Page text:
The tone of this contention indicates a belief that Mr. Bachchan’s father’s works are his and his only, as a natural right; an entitlement akin to fundamental rights such as the freedom of speech and expression. However, copyright isn’t a natural right. It isn’t an entitlement. It is in fact a privilege. A limited privilege of statutory protection from others exercising their own fundamental rights of free trade and expression by copying your work and selling it for a profit. The law restrains everyone else from doing so, in order to encourage authors by providing a stable market for new works. So nothing is taken or confiscated from the author (and his/her heirs), when a copyright expires. Everyone else merely resumes the exercise of their fundamental rights of free trade and expression, which for a specified period of time they had refrained from exercising.
“why was not William ‘Bill’ Shakespeare made aware of copyright ; why not Mr Beethoven or Messrs Chopin and Tchaikovsky, or closer home Gurudev Rabindra Nath Tagore ‘Thakur’ .. had they known or made to know, they may never have wished for any other, but their progeny of generations to come … and because no record has been kept of such .. there is a LOSS OF OPPORTUNITY for them that were rightful heirs of them .. !!”.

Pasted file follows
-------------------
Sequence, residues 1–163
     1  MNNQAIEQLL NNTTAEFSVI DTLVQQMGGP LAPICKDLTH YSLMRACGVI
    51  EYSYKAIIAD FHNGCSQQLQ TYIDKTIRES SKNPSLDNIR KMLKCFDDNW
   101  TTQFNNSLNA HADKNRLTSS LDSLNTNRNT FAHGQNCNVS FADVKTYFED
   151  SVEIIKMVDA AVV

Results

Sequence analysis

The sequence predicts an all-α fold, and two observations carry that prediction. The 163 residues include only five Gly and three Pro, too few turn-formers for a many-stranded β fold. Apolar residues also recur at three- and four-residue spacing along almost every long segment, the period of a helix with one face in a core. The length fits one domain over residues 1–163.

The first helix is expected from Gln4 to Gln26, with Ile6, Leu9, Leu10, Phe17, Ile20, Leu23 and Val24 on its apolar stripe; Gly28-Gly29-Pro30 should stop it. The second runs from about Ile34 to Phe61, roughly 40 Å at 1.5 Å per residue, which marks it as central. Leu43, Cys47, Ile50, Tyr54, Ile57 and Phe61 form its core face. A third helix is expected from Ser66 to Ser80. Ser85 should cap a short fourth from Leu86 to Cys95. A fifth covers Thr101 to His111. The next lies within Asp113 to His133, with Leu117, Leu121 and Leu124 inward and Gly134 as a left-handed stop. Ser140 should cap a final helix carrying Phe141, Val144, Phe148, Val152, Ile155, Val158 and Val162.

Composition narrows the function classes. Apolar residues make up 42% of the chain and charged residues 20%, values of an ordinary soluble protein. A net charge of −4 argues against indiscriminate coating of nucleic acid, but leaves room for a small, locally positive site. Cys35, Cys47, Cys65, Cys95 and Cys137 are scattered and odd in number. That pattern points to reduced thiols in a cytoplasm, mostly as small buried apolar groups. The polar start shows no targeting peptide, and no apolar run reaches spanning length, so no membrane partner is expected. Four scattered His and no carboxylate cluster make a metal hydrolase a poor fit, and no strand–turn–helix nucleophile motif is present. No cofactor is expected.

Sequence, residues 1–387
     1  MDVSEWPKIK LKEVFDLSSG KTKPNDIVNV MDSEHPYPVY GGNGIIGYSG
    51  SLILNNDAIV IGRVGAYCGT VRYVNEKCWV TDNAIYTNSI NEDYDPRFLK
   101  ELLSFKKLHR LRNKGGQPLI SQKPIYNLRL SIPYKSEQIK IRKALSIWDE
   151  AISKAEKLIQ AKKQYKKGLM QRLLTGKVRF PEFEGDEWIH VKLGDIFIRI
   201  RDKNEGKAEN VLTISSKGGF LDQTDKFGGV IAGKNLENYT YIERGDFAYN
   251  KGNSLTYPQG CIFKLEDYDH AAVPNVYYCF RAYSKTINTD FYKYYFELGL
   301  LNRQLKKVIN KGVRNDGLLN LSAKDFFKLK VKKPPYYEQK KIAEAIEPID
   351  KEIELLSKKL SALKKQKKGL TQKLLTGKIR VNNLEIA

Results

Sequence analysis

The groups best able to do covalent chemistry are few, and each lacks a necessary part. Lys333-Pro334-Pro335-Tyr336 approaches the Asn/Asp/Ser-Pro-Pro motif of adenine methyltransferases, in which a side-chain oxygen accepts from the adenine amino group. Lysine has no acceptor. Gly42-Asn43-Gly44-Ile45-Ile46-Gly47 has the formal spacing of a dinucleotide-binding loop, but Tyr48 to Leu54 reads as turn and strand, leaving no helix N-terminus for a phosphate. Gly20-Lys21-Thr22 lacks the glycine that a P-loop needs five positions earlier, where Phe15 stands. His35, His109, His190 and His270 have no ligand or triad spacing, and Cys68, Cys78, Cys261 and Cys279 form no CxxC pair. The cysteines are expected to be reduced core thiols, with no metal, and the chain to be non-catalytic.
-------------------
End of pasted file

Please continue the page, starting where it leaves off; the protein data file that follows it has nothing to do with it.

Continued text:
This is the most porous and ironic argument made thus far. Aside from the fact that the copyright, as a concept even, wasn’t appreciated in the times of Tagore and certainly not Shakespeare, it would be a shame if the works of the above mentioned geniuses wouldn’t be shared with the world freely. The world would be robbed of the riches of literature that directly passed on to the public domain without any copyright term in the absence of codified laws, such as those of the distinguished names mentioned above. If the proposal of a perpetual copyright would have seen the light of day, the immense database of scientific and artistic work that preceded the copyright regime would not be made available to the beneficiaries of such unfettered access i.e. us. In turn, we would have no inspiration to create our own database of scientific and artistic work.
Finally, the irony of a movie actor clamouring for perpetual copyright, is not lost on me. That too a mainstream Bollywood actor who is the beacon of an industry notorious for not just repackaging old stories predating the copyright regime but also blatantly ripping off original works without so much as an acknowledgment. It is unfair to call out Mr. Bachchan on the industry practise, but then again he himself is not averse to starring in movies that have not obtained the necessary permissions for use of (read “inspired by”) copyrighted material. See Kaante, Nishabd, Hum Kaun Hai, Te3n etc.
It would be remiss of me to not mention what a huge fan I am of Mr. Bachchan’s work. But today I repeat to him his very own words from the 1978 classic Trishul…
Aaj aap ke paas aap ki saari daulat sahi, sab kuch sahi.. lekin maine aap se zyaada garib aaj tak nahin dekha.